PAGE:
When “The Fighter” was first released, the common reaction was likely, “are you kidding? Another boxing movie?” If a director has the chutzpah to make a movie about a topic that has been explored to death, he better make something good. Since it’s David O. Russell, the director of “Three Kings,” then it must be worth our while.
“The Fighter” is the kind of entertainment that has a huge mass audience potential, yet its slow pace is made for those with patience. The film begins as a psuedo-documentary and switches between that and narrative format throughout. This film tells the true story of Mickey Ward (Mark Wahlberg), a struggling boxer from a rough neighborhood in Lowell, Massachusetts. His future career as a boxer is compromised by both his love for a beautiful bartender (Amy Adams) and his dysfunctional family, which includes his abusive mother (Melissa Leo) and his washed up, crack addicted brother, who is a former boxer (Christian Bale).
“The Fighter” is what one might consider a slow burner, for better or worse. It begins slow and at first doesn’t seem to know quite which direction to take the story. It takes an extremely dramatic twist less than midway into the story for “The Fighter” to truly pick up steam. It goes from an average underdog story to something very different; something that is much more immediate and important than the typical Hollywood fable.
“The Fighter” also brings a new dimension to the now popular tough-and-from-Boston film. Coming off the heels of this year’s “The Town” as well as “The Departed,” “Gone Baby Gone,” and “Good Will Hunting” of past years, Boston has become less of a city and more of a theme in the eye of the filmmaker. Growing up in Boston means being tied down to societal and familial constraints. The only way to escape these constraints comes through pursuing one’s passion, whether that be solving math problems, robbing banks, or boxing.
While this is also one of the more realistic looks at crime and drug problems in the city, there is also a sense of warmth surrounding the characters unseen in most other Boston films. This can be seen mainly in that fantastic first scene, where Mickey and Dicky walk through the streets of Lowell and embrace everyone they see shows that in a way, everyone is looking to escape with Mickey. Everyone feels Mickey’s quest is their quest as well.
Looking past a few small flaws, “The Fighter” is an example of how a few good performances can severely impact the course of a film. Wahlberg is a fine choice for Mickey. In fact, this could even be a bit of a personal role for him given his past in Boston as well as his troubles with family and the law. However, he is nothing truly special. He lacks that hilarious, nasty, and committed attitude that made his performance in “The Departed” so unforgettable.
The true strength of the ensemble lies in a few supporting characters. The ladies of the film bring much needed emotional depth to their roles. Adams is proving herself a fine young actress capable of even bigger roles while Leo shows she is always more than capable of playing troubled, lower class mothers.
The real soul, the real strength of the film, lies totally in the performance of Christian Bale. It is weird to think he is even a supporting character, given how much of the story relies on him, and how he dominates every scene he is in and makes you forget the story is really about Mickey Ward. I could tell from the film’s very first shot that his performance was going to be something special. Like Natalie Portman in “Black Swan,” Bale acts with his entire body. With his googly eyes, shaky arms, and salamander-like body, he is the sad embodiment of drug addiction. Bale makes Dicky fast-talking, funny, and sad. He starts the story as someone we look at and pity, but by the end, he has truly earned his redemption.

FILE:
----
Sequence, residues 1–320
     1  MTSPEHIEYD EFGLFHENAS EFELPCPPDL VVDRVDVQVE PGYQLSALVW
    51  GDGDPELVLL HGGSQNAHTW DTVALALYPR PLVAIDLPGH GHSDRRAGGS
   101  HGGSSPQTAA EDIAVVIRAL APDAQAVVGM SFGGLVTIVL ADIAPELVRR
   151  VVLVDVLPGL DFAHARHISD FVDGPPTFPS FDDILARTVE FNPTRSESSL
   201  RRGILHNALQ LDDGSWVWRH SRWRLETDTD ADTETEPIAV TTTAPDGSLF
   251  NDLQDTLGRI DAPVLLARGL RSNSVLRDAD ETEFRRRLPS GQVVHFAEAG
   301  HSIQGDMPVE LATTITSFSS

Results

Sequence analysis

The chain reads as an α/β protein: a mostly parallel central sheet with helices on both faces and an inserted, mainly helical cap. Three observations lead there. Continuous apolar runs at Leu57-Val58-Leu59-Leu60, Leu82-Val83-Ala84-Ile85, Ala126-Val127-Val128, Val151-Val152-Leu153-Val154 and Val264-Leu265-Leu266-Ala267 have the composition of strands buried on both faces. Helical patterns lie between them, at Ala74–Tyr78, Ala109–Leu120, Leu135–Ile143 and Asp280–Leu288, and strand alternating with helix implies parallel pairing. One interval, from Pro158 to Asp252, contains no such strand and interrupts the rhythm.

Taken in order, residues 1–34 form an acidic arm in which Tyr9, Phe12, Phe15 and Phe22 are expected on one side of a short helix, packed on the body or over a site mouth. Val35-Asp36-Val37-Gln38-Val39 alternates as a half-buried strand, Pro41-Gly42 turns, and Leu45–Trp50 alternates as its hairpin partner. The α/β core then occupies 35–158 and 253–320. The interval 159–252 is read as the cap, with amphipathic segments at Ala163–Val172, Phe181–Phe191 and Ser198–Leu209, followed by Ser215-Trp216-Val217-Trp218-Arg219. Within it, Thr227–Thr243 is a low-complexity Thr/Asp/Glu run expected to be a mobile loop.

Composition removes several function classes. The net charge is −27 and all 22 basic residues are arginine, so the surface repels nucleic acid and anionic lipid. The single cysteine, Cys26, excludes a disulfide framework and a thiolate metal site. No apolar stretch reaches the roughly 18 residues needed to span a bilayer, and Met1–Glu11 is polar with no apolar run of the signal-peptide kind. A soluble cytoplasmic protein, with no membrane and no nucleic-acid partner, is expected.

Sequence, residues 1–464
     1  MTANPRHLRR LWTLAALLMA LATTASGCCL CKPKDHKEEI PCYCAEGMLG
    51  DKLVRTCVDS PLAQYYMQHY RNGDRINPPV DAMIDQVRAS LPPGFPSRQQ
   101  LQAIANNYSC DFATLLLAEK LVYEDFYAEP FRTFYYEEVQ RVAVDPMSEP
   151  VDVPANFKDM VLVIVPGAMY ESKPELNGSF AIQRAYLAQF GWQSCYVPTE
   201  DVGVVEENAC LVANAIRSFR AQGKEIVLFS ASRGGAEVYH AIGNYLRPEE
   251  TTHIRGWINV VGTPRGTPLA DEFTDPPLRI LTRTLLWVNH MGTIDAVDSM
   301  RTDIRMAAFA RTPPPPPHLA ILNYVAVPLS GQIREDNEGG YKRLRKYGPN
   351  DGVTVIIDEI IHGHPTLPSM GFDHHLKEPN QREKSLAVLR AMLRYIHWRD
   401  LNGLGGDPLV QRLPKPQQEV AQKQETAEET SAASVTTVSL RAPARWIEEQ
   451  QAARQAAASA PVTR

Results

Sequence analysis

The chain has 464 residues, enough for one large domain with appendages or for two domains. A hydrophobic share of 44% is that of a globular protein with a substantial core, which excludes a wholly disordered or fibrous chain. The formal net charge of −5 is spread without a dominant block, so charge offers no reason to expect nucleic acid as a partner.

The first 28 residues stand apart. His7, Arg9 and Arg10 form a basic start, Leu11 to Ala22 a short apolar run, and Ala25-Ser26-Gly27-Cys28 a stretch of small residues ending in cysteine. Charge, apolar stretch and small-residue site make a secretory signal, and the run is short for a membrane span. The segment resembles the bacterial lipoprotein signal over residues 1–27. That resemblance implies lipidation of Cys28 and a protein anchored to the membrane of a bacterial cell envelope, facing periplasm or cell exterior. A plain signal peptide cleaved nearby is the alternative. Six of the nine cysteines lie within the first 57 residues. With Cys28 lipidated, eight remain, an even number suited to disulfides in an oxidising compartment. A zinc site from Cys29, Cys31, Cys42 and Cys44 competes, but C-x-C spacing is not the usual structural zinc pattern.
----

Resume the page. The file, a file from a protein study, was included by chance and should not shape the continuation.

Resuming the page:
What is most interesting about Bale’s style of method acting, most similar to De Niro in his glory days, is that he is always acting. A common habit for an actor when they are in a shot where they don’t talk is to just sit silently, and stare. Bale however, doesn’t end his drug-addled fidgeting. I could probably spend an entire review talking about Bale’s acting, but there is actually a whole movie here to still talk about. So let’s just say this: Bale has earned this year’s Best Supporting Actor statue.
What Bale’s performance shows is the potential energy and excitement surrounding the story that “The Fighter” is ultimately able to embody. “The Fighter” is the story of the unlikely coming true. Director David O. Russell, who also made the Gulf War parable “Three Kings” highly plausible (and still relevant), succeeds at this task admirably. Scenes like the one where the characters walk through the streets, as mentioned earlier, show the uplifting potential of such depressing material. Not to mention, the boxing scenes are shot in a televised style, capturing the excitement of watching a match live. It also creates a strange, yet effective, detachment from the actual violence happening onscreen.
“The Fighter” is a film that shows that what is ultimately most important is not what a film is about, but how it is about. There are only so many stories to be told so the same old stories might as well be told in new, innovative ways.
The struggle of the boxer has been captured so many times that it can’t possibly be interesting anymore. However, David O. Russell makes the right choice and takes a page out of the “Raging Bull” handbook of how to make a good sports film and barely focuses on the actual sport itself. The sport is less of a sport and more of a means for the characters to express themselves in some way, either to release energy, or overcome adversity. The title of “The Fighter” does not suggest someone fighting for a title, but rather someone fighting merely to stay alive.